If Westlund makes the ballot he'll pull votes from Kulo, not Saxton. What K's campaign has to do is vividly demonstrate all of Saxton's flip-flops, because, no doubt, he'll shift back to the center, but only in the Portland advertising market. He'll run two sets of ads the way Gordon Smith did: one for the Portland market (I'm a moderate!) and one for the rural market (I'm a conservative!). If K's campaign managers fail to point this out to voters, Dems will lose. They should point it out to voters in Portland and in the rural areas, so that they see the hypocrisy. Conservative rural voters might feel disenchanted and not vote at all and moderates in Portland will come to their senses.

    Re: Jesse... that was the big surprise. I thought for sure he would win. Next time.

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    Sid, what's the evidence that Westlund will pull from Kulo? I keep hearing it, but the only poll I've seen pitting the three doesn't bear that out. I definitely agree that Ted needs to monitor how Saxton presents himself in Portland/not Portland, though.

  • CityHallVet (unverified)

    Shame on the Bus Project for not putting volunteer feet on the street for Jesse. They want to stay out of a race between one of their founders and Rod Monroe? That is ridiculous. Jesse appears to have lost by 176 votes. Bus volunteers could have made the difference. For the next 4 years, Monroe will hurt the Bus project and their members on each and every single one of their issues.

    Politics is about winning and gaining power not just about encouraging public service or holding a meaningless dialogue. Grow up and get real!

  • TK (unverified)

    Maybe the Bus Project isn't supposed to be a PAC... maybe (judging by the low turnout rate) their role is to simply encourage public service and voter participation... not just one candidate.

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    Bicyclists were winners last night, too, with 6 of 7 races going to Bike Walk Vote PAC-endorsed candidate (granted, two dual-endorsements). Granted, mostly favorites: Wheeler, Sten, Saltzman, Cogen, Kotek, Cannon.

    If only Jesse Cornett is able to push through through ballots found in loose corners, Bike Walk Vote will have 7 of 7.

    Bicyclists vote a lot (including in primaries), and bike-friendly candidates are winning. Beyond the endorsements, we're seeing candidates organize bike rides, carry lawn signs on bikes, and so forth.

  • MarkDaMan (unverified)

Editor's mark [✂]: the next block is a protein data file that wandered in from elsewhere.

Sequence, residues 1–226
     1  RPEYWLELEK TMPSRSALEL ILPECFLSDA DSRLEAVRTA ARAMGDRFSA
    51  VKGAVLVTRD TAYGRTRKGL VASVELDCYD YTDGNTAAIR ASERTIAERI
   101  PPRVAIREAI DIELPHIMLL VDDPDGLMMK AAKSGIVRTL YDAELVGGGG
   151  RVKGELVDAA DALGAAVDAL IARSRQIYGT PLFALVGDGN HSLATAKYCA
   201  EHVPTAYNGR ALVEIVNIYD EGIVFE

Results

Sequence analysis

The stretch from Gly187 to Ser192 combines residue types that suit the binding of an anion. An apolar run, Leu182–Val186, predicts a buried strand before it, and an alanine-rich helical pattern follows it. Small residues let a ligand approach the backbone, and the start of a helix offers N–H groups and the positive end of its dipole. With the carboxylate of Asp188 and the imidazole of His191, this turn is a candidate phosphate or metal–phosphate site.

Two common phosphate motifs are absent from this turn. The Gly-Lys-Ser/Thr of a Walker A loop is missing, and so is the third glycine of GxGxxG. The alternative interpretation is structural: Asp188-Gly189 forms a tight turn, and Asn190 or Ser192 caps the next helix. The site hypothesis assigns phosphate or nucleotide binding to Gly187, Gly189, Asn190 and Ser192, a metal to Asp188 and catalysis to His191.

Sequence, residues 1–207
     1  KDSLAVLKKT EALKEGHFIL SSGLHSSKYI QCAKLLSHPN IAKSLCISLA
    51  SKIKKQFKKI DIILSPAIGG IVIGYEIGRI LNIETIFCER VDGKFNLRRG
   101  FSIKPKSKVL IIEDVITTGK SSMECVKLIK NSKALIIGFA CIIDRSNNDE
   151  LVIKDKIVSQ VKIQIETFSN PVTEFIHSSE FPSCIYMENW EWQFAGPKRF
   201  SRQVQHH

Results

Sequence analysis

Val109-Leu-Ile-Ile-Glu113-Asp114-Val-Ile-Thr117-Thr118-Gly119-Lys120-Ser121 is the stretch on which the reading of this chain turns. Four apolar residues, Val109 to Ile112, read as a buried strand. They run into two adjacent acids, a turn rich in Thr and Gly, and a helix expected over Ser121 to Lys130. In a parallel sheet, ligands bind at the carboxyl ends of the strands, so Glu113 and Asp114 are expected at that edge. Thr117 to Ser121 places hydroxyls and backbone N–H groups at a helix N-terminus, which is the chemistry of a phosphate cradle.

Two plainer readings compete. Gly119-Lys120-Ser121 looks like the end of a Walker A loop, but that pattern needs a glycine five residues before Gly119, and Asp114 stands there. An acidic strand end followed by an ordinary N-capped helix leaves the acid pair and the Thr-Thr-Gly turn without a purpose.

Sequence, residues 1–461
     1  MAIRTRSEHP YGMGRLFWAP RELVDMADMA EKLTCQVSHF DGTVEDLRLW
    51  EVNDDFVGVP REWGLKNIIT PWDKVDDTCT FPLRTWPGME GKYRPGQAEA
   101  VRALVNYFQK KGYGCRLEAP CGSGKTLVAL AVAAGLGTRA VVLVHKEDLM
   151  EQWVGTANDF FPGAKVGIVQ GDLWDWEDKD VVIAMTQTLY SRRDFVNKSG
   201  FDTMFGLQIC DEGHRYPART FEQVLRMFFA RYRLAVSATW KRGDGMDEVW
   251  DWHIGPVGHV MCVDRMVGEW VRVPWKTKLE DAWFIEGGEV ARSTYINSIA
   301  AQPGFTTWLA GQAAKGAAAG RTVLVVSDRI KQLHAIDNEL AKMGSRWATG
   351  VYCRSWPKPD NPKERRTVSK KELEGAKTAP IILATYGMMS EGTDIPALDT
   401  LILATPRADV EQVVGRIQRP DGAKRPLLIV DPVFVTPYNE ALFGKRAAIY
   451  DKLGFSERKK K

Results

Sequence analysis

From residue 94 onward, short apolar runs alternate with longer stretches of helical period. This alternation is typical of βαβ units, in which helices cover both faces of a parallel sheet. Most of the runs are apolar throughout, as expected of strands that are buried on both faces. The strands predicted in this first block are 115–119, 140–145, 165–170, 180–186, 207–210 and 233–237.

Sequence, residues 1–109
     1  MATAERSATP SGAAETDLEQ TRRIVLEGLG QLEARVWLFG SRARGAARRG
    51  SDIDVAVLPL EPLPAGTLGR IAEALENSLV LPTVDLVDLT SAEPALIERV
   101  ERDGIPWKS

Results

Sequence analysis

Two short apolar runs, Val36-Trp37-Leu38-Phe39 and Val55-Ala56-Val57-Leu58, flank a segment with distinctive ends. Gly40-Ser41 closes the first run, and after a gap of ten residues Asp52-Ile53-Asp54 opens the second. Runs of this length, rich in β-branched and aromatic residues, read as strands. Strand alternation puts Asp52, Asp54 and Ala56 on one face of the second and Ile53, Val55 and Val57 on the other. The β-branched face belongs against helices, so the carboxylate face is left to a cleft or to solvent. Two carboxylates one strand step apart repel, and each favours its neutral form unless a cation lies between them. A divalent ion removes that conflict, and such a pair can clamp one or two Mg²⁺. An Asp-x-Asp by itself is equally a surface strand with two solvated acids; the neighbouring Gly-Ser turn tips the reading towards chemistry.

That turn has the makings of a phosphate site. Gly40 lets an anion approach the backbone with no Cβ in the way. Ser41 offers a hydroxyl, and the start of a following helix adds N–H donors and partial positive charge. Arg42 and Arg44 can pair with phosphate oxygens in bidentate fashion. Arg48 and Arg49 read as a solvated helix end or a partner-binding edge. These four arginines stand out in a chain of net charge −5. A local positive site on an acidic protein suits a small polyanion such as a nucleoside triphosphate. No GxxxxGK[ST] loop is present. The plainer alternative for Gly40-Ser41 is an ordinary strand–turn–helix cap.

"I'm just fed up with liberals bashing unions and gleefully pronouncing them dead; we've already got the right wing trying to eliminate them. Progressives better figure out that if the right wing gets their way and effectively outlaws unions and their political activities, all progressives will lose a lot more often."

    Duke, as I explained in an e-mail to SEIU president Joe DiNicola, I'm liberal but that doesn't mean union support is a given. In fact, I believe unions have become so comfortable with their liberal support that their mission and current form dooms them to failure in a 21st century world. I tend to think my young and liberal generation, people who are just now finding their way in this world, expect more out of their unions. I believe that unity in the workplace is important. I think having a due process in the workplace is important too. However, even more important than unity or process is the building of a community.

    Today unions no longer build communities, they use their 'influence' to build power. Once union's realize their strength is in the power of a unified voice, not that power creates a unified voice, my generation might see the need in supporting and joining unions. Otherwise, I'm afraid we will only continue to see a weakening of unions in America, not the weakening of liberals.

  • Christy (unverified)

    Whoa there!!!!! I understand you're upset that Jesse lost, as we all are, but the Bus project does not take sides in democratic primaries, and for good reason.

    Grow up and get real? How about you calm down have a drink?

  • CityHallVet (unverified)

    yes, I'll say it again. Grow up, get real or get out. You can't be a force in politics without taking sides. Period! Encourage voter turnout and public service? You are 0-2!

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    Charlie, I agree Governor Kulongoski has to go after Saxton's flippy-floppy statements he makes depending on the audience he's pandering to at the moment. I also agree with a previous poster that Westlund is the Ralph Nader of the governor's race. Saxton's red plaid shirt and jeans commercial was played ad nauseum in Southern Oregon. Smart stategy for Kulongoski to run against Bush with his campaign literature and ads. I'm sure Dem candidates all over the country are using a similar stategy. Folks are just sick about what's happening in their own country. Now let's keep Ted our Governor, elect Rob Brading and get all the good legislation Minnis bottled up passed. Jesse don't give up, we need you in Salem!

  • Coastdemo (unverified)